Without a doubt one of the pottiest films I’ve ever written about for this site, William Levey’s HELLGATE is one of those movies that pretty much defies description, and it's from the director of the insane BLACKENSTEIN (1973), no less. But HELLGATE is about to be released as a limited edition Arrow Blu-ray and DVD combo pack so I’m going to do my best anyway.
Definitely the only movie to combine the Can-Can with exploding mutant fish, feature a CARNIVAL OF SOULS-type dance hall scene augmented by a flitting nude lady, and have the director providing a cameo as a severed talking head in a fridge, HELLGATE kicks off with one of the weirdest back stories committed to celluloid. Back in the 1950s the smallest bike gang in existence ride into the ‘Ghost Town’ of Hellgate having kidnapped the owner’s daughter Josie from a nearby diner and torn her skirt off to display see-through black panties of somewhat 1980s proportions and style. The girl dies when one of the bikers attempts a PSYCHOMANIA-like charge at a brick wall, while her father gets his hand mangled by a bicycle chain and has to resort to wearing a metal gauntlet.
Years later in the same town, the micro-budget equivalent of John Carradine pops down into the local gold mine attraction to mend something and discovers a magic crystal that brings a rubber bat back to life, causes a goldfish to mutate, swell and explode, and a stuffed turtle to attack our town boss so he has to apply metal plates to his face in addition to the steel glove he's been wearing for the past thirty years.
Have you decided whether or not you want to watch this yet? If not then read on...
The present. Well, actually a kind of bizarre late 1980s present that’s meant to be the US but is in fact South Africa. Ron Palillo (FRIDAY 13TH PART VI and WELCOME BACK KOTTER) meets up with his friends who have been telling ghost stories (or rather completely insane stories as they include the above). He's already encountered Josie’s ghost, who as well as having to wander eternally, also appears to have suffered the curse of breast augmentation surgery. They all decide to take a trip to the ghost town where they encounter more lunacy than even they deserve to.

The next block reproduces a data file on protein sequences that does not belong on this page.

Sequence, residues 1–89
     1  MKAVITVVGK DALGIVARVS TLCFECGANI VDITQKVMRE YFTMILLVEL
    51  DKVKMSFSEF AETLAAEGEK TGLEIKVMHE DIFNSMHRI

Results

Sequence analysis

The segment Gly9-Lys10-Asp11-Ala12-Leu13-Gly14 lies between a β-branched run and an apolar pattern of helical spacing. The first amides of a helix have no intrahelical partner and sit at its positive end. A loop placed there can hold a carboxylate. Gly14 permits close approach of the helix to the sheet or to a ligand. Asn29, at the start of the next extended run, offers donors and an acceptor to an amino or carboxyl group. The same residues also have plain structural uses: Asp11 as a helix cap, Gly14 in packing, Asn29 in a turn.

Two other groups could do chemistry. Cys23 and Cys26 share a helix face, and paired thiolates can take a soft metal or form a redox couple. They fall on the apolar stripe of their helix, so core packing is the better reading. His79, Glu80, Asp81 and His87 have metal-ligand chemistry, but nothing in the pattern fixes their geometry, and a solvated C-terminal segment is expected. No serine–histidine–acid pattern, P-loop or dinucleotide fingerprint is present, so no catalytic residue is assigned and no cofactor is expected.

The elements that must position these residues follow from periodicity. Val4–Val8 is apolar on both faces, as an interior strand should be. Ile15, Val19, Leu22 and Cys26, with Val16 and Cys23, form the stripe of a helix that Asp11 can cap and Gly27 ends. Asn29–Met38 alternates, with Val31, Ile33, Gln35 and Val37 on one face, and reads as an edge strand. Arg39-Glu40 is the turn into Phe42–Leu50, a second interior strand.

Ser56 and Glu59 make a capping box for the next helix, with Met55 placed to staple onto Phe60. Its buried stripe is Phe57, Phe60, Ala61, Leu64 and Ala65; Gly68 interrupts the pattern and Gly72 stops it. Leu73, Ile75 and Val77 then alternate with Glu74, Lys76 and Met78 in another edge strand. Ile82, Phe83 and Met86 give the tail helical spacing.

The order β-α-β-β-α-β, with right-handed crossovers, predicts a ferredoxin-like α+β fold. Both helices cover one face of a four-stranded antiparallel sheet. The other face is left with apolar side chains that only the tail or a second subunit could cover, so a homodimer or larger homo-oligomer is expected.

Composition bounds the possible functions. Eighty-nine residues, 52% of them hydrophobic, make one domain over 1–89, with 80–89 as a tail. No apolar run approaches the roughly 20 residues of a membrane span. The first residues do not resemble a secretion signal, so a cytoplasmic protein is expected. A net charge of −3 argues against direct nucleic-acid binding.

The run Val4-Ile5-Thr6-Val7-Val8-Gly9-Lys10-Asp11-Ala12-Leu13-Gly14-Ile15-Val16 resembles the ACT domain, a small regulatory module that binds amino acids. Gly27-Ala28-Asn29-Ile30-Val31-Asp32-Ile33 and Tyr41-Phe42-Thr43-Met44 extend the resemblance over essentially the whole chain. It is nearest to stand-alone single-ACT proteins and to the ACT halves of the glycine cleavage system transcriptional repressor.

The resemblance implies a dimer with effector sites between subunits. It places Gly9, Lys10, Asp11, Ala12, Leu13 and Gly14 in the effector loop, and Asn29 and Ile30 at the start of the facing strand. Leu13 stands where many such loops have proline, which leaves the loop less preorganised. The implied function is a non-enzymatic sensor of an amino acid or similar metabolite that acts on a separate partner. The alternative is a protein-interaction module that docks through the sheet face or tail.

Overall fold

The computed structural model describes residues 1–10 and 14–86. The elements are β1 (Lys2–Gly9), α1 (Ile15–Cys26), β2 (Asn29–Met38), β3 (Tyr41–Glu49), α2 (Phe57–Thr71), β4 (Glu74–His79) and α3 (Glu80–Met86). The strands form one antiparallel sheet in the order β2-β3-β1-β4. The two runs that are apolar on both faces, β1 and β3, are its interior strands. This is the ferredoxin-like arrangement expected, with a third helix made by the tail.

HELLGATE is a very strange film. Despite having a sense of anything goes, it also drags quite a bit and you may well find yourself straying to the fast forward button. The budget is obviously very low and probably the kindest thing I can say about it is it reminded me of Jess Franco trying to direct a version of Norman J Warren’s BLOODY NEW YEAR. It’s certainly not like anything you will have seen before, but whether or not that’s a recommendation is hard to say.
As always, Arrow have gone the extra mile to provide us with extras. These include ‘Road to Perdition’ in which director William A Levey recalls how he ended up directing the film. In ‘Alien Invasion, Blaxploitation and Ghost Busting’ Howard S Berger delivers an appreciation of the movie that is affectionate, enlightening, and obviously heartfelt. In fact I’d go so far as to say that I don’t think anyone could give this movie a better, more accurate press than he does. There’s also ‘Video Nasty’ in which PUPPET MASTER writer Kenneth J Hall recalls the direct-to-video years, some lovely Graham Humphreys cover art, and a collector’s booklet with new writing on the movie by Lee Gambin.
HELLGATE is completely mental, and whether or not that was the film-maker’s intention I can guarantee you’ll never see anything else quite like it. And that’s as much a warning as it is a promise.
HELLGATE is being released as a limited edition Blu-ray and DVD combo pack by Arrow Films on 3rd February 2014